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COLUMN: Someone else’s dime

This is a term which has been used over the years to basically mean that you are getting a free ride at someone’s else’s expense. As far back as original sin, men have looked for ways to get what they want without having to pay the price required.

Jacob – from the Bible and not my son – pretended to be his older brother Esau in order to receive the birthright from his father Isaac. Joseph was sold into slavery by his brothers because they were jealous of him. King David had Bathsheba’s husband killed so he could be with her.

Bank robbers, con artists, and other criminals are always looking for ways to take from unsuspecting victims. Many times, more work is put into taking something illegally than one could actually work for. But then that would require actual physical work. Many consider it a challenge to be able to take without paying the price. They always want what others have worked for.

Perhaps they failed to read the 10th commandment, in which God told us not to covet what others have. He also told us not to steal, but why worry about that one either.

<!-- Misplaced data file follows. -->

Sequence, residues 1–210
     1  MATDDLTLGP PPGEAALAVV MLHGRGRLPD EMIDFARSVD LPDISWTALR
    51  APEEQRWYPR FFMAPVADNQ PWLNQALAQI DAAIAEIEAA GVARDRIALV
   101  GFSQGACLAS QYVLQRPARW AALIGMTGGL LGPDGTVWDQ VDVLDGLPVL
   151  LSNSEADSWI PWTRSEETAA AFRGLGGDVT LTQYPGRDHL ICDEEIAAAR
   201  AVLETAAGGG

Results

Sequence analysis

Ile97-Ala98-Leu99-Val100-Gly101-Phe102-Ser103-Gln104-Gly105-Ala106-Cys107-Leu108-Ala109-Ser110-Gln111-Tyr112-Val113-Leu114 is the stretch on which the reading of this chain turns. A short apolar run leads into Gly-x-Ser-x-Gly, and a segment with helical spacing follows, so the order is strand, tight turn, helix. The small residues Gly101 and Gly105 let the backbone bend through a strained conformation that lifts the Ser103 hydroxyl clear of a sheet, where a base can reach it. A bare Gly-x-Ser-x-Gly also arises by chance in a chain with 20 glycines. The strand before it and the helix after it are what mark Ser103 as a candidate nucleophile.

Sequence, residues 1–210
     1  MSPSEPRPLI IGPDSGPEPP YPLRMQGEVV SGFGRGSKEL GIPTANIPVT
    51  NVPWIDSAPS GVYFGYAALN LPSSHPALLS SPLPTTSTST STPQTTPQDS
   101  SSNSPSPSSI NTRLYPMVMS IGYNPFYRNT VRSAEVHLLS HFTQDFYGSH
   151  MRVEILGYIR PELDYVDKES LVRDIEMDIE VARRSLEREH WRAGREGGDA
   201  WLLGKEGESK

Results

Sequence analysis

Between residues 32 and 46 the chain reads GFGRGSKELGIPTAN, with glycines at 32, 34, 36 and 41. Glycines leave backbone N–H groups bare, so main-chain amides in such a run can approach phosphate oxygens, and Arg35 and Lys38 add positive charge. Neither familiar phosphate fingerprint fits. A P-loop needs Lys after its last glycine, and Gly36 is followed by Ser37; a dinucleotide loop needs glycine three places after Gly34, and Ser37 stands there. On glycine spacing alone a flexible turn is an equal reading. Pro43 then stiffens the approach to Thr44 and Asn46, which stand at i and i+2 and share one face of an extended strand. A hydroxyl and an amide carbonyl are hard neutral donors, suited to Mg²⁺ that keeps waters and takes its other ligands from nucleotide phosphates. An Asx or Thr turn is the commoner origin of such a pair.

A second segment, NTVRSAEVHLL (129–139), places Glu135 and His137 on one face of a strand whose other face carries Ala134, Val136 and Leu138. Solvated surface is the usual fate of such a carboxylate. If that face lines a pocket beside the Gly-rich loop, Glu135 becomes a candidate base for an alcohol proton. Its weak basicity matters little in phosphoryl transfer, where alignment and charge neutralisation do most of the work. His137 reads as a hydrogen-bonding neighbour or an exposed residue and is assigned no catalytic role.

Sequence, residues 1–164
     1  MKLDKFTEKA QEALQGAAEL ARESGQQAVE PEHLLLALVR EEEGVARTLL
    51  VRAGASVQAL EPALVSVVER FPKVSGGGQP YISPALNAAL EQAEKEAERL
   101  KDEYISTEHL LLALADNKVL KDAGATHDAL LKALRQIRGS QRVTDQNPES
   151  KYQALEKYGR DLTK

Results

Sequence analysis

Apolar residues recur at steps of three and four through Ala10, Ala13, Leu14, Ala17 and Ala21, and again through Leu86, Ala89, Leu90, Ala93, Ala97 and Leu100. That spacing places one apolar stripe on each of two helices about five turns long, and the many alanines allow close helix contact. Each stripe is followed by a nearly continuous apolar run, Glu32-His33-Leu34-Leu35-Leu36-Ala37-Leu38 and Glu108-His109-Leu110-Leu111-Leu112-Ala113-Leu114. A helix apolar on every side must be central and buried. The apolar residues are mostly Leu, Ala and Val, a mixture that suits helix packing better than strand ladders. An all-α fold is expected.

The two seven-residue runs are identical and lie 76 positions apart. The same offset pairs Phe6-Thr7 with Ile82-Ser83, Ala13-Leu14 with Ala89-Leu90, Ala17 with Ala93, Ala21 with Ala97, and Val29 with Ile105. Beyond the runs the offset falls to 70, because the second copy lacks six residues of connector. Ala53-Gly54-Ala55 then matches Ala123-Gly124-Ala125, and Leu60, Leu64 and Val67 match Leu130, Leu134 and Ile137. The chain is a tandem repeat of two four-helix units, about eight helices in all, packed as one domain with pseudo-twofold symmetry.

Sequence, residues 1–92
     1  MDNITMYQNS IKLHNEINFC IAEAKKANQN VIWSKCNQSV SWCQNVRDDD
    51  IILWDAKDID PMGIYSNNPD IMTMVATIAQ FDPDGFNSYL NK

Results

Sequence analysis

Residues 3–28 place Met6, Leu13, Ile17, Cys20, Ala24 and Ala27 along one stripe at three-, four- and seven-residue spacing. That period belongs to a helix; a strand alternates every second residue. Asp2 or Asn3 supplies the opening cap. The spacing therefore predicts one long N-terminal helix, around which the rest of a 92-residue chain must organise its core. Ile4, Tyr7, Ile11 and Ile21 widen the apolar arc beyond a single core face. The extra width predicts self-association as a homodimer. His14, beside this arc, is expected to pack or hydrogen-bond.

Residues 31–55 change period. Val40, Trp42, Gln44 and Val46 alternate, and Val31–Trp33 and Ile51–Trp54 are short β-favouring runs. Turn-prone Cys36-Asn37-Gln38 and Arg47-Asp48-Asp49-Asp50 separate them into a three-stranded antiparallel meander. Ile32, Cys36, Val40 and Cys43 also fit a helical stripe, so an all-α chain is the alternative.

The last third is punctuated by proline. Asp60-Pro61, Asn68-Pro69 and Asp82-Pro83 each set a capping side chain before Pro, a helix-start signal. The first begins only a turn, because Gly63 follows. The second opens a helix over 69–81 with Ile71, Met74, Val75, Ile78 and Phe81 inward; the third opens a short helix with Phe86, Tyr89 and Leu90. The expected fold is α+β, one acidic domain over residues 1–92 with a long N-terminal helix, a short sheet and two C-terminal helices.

Moving forward to the 21st century, men have found even other ways to get by on the back of others. If you use a debit or credit card chances are that card has been compromised. This means that someone has obtained your account number to make charges on your card. Now before you get worried about your bank, it has happened to at least five of the banks and credit unions in Hartselle and probably all at some point in time.

Also the card numbers could have been captured many months ago. So trying to remember where it could have happened probably will not work either. There are criminals who specialize in this crime and it is not occurring just at a local level, since most problems occur away from home. One thought is the numbers are captured when they are uploaded to a credit processing facility. Other ways may even include adding a device which would attach to the credit card swipe area on ATM’s, Red Box machines, and even pay at the pump gasoline pumps.

The best advice is to be aware of where you are using your card, keep it in your possession and keep track of transactions on your accounts. Thankfully most financial institutions track the activity on credit and debit cards and will contact you if your card has unusual activity or is used in an area unusual to you.

Randy Garrison is the publisher of the Hartselle Enquirer.

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